Top 3 WORST Rental Property Investment Mistakes to AVOID

Are you considering real estate but want to avoid making mistakes and potentially losing thousands of dollars? 

Look, when I was considering buying a rental property, I wanted to make sure that I made the right decisions. I wanted the cash flow. I wanted good tenants. I wanted to buy it in the right areas so that I could get some sweet sweet appreciation. 

Basically… I just wanted a safe investment. And I bet you do too. 

That’s why, in this video, I’m going to teach you the top three mistakes that people make when buying a rental property. 

Before we get into it, let’s get the boring crap out of the way. Go ahead and like and subscribe to my channel. It really helps me out and I’ll love you forever. 

And let me know in the comments below – what scares you the most about investing in real estate? Tenants? Money? Debt? Let me know.

Mistake 1: Trying to Time the Market

We ALL want to buy at the bottom of the market and ride the wave up. Most people sit on the sidelines for YEARS and never invest because it’s “not the right time.”

But not you. You take action. You realize that it’s never the “right time” to buy a rental property. Because things will never align perfectly.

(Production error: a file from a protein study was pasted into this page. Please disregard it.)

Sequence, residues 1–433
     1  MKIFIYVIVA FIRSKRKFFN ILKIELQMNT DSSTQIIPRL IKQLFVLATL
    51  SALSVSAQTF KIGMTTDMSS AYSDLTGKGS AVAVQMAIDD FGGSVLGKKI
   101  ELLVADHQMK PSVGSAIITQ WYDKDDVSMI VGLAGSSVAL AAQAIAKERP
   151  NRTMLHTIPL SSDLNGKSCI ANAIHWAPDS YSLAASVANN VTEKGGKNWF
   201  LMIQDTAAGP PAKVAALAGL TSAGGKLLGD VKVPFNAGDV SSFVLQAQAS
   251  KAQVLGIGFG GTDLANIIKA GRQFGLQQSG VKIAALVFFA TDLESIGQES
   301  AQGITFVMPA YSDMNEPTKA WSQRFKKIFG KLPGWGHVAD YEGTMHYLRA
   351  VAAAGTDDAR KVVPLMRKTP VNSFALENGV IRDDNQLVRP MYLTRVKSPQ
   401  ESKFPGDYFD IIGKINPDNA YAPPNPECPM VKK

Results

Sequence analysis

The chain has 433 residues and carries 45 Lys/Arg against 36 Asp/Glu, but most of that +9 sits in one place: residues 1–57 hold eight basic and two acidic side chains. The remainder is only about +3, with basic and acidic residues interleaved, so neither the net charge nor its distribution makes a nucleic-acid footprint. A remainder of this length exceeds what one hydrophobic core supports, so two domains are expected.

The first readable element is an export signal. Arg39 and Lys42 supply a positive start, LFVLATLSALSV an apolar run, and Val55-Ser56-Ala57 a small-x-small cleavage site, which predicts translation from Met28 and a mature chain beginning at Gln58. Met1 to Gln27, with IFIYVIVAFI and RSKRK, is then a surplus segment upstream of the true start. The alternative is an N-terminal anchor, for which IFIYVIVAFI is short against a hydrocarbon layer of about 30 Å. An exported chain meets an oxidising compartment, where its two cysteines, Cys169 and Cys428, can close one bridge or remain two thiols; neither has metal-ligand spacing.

Technically, we were supposed to have a crash in 2018 because all of the real estate cycles follow a 10-year cycle. Aaaannnnd we ain’t crashed yet. 

And who knows when the crash will come? We could be in it now or the FED could keep printing money and prop up the economy for another decade. 

So, don’t sit on the sidelines waiting for the right moment to buy a rental property. 

But if you want to make sure that you are buying the best investment possible to protect yourself, then it’s important to know how to run the numbers.

Which leads us to our next topic…

Mistake 2: Failing to Calculate Cash Flow Accurately

You won’t make money by timing the market. So what should you do instead?

Make sure that you are getting good deals on properties so that you can cash flow enough. 

When analyzing a rental property in an up market, it gets harder and harder to find good deals. 

This makes it very frustrating when you’re buying a rental property because the amount of effort it takes to find a good deal is ridiculous.